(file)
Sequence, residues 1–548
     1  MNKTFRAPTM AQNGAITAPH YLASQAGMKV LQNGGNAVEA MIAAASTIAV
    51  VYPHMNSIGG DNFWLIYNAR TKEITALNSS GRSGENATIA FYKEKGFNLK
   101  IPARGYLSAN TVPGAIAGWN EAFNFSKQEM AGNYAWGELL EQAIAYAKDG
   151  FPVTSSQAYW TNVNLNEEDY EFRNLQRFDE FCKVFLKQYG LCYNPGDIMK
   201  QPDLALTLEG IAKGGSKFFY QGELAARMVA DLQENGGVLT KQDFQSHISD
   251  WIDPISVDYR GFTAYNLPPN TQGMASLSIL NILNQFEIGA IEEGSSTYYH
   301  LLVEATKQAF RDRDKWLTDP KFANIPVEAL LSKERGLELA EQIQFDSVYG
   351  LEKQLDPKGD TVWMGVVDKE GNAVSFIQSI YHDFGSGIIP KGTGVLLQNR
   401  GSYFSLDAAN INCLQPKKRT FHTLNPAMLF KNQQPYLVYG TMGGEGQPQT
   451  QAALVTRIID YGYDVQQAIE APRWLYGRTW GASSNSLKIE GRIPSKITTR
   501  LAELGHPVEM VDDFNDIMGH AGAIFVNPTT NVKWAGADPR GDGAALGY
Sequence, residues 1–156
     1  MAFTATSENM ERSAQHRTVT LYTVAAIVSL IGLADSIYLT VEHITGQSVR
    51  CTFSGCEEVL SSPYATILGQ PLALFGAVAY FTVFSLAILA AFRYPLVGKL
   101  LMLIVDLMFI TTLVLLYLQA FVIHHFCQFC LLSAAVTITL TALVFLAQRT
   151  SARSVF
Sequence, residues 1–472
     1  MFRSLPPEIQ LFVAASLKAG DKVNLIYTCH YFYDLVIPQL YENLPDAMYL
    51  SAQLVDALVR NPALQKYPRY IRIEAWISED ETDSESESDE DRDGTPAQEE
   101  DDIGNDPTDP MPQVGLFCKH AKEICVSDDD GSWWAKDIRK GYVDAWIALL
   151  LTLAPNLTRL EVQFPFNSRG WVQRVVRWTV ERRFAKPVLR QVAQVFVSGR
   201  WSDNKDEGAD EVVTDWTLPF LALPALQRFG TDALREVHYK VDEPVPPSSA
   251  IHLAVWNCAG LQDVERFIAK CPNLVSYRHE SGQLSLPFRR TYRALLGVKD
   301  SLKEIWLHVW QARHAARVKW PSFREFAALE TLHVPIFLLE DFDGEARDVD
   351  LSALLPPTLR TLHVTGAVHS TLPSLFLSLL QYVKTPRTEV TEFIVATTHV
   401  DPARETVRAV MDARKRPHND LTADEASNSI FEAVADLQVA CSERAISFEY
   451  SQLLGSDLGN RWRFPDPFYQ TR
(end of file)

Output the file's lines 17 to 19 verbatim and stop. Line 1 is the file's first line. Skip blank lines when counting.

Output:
   151  SARSVF
Sequence, residues 1–472
     1  MFRSLPPEIQ LFVAASLKAG DKVNLIYTCH YFYDLVIPQL YENLPDAMYL